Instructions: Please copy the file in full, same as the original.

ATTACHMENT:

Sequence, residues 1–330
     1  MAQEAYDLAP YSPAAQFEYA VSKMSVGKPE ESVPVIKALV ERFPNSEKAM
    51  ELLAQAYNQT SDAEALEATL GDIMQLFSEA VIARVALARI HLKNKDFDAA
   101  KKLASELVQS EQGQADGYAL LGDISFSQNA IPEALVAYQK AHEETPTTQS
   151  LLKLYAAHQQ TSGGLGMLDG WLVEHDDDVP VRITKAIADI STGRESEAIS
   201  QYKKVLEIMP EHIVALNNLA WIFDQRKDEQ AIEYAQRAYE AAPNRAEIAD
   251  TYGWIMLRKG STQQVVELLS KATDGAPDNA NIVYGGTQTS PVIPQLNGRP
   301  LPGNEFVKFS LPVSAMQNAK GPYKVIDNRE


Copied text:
Sequence, residues 1–330
     1  MAQEAYDLAP YSPAAQFEYA VSKMSVGKPE ESVPVIKALV ERFPNSEKAM
    51  ELLAQAYNQT SDAEALEATL GDIMQLFSEA VIARVALARI HLKNKDFDAA
   101  KKLASELVQS EQGQADGYAL LGDISFSQNA IPEALVAYQK AHEETPTTQS
   151  LLKLYAAHQQ TSGGLGMLDG WLVEHDDDVP VRITKAIADI STGRESEAIS
   201  QYKKVLEIMP EHIVALNNLA WIFDQRKDEQ AIEYAQRAYE AAPNRAEIAD
   251  TYGWIMLRKG STQQVVELLS KATDGAPDNA NIVYGGTQTS PVIPQLNGRP
   301  LPGNEFVKFS LPVSAMQNAK GPYKVIDNRE